3. Man, for a second I thought we were in 2014. But once these next elections are over Texas will surely be all over the news with whatever these bigots have planned. Sigh.

  4. Holy shit I saw something along these lines mentioned on snopes and I didn’t even bother clicking it because I assumed it was fake! Gah!

  5. This is why I tell people that I would, in all sincerity, continue living in Missouri than go back to Michigan. (I know, I know)

    And I love Michigan. it’s my home.

    But fuck this noise.

  6. My wife and I were both born and raised in Michigan. A year and a half after our non-legal wedding, we packed up and moved to Oregon. We love Oregon, but are incredibly homesick for Michigan. It’s a gorgeous state, it’s where our families are, it’s where we met and fell in love and created all of our early memories together. But. In Oregon, we are legally married and legally protected and when we have babies, both of our names will go right on the birth certificate. We cannot in good conscious move back to that state. We have to protect our little family. And it truly is a shame because for as much bad stuff as everyone says about Michigan, we both love the crap out of it. And sometimes I miss it so much that it literally hurts and physically makes me ache. But for now, it is just not an option for us.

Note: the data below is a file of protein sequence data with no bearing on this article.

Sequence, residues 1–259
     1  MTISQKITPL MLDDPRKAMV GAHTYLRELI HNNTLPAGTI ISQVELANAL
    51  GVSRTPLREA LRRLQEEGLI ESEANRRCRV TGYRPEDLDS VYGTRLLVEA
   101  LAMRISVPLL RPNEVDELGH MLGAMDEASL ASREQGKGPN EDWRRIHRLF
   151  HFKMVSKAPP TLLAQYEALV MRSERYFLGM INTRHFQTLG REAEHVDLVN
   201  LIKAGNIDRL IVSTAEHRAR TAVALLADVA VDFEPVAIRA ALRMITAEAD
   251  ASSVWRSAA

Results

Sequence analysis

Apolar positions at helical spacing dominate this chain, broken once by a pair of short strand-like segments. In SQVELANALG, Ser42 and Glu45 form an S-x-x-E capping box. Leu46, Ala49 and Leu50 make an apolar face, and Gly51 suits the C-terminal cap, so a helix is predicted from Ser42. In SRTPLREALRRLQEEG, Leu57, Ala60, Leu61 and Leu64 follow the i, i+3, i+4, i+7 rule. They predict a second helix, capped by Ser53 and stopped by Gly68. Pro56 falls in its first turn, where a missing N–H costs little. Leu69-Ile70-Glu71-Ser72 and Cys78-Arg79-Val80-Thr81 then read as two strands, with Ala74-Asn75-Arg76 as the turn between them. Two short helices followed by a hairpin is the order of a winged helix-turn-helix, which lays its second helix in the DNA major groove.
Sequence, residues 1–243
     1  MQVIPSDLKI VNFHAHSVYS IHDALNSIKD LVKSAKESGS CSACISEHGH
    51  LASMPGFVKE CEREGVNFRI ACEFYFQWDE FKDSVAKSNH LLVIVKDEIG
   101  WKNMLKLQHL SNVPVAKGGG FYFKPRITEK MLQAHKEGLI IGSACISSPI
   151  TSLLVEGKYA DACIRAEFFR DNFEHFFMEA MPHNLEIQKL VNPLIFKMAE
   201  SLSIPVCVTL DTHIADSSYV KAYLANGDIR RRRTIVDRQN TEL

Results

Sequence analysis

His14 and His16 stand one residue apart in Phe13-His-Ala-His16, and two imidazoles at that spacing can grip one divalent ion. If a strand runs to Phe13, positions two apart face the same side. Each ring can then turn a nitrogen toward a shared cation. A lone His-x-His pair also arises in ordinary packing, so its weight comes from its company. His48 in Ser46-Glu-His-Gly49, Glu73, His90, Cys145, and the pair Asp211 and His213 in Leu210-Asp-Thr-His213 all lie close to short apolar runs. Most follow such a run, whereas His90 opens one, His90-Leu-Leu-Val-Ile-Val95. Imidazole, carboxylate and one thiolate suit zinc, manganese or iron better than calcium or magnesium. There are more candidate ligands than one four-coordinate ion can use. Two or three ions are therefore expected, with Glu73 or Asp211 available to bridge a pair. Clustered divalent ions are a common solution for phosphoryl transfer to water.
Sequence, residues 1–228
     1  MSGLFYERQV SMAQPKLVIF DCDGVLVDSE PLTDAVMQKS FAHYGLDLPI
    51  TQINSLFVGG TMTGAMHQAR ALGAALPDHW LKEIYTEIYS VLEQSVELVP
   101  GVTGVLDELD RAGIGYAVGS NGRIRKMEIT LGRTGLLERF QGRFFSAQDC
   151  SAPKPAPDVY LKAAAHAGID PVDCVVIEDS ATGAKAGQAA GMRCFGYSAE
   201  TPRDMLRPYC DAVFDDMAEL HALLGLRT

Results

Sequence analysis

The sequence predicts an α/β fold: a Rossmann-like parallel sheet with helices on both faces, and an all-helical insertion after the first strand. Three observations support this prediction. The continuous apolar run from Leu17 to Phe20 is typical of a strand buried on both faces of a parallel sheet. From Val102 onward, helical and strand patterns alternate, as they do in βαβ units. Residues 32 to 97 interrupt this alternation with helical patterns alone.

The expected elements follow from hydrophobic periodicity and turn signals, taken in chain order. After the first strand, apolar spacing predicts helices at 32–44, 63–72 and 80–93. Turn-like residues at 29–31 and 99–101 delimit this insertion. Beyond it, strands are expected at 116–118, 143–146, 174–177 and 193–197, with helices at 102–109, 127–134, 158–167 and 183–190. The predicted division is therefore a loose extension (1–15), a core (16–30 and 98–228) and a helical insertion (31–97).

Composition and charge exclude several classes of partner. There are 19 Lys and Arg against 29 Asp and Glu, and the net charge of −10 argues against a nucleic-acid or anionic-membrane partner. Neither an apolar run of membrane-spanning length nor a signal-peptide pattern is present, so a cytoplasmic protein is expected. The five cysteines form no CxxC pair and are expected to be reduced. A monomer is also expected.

7. As a young queer living in Michigan, this makes me both incredibly mad and sad. To know that there are such severe consequences for being myself and living in my home state makes me want to vomit. It is a great place to live, and I love my [liberal and mostly LGBTQ friendly] city, but our state as a whole needs to pull its shit together. To quote the girlfriend today, “This makes me into a giant mess of angry queer who wants to change the world…Maybe we should move to Oregon.”

  8. Ugh, no. We are moving in the wrong direction. :(

    Taken from the comment sections of one of the articles: “This should be called the “Right To Discriminate If I Feel Like It” bill.” Yup, that pretty much sums it up.

    (Also, I really don’t understand Bolger’s logic about how transgender people are supposedly already protected from discrimination under current laws.)

  9. So, stall on laws that will help groups that aren’t protected enough under the law, groups that are being discriminated against in the present day, but rush those laws that expand protections that are already in the Constitution(!) to protect groups that no one is discriminating against (because we know they only care about Christians and dgaf about actual religious minorities) who feel sad because other people are getting rights? Ugh.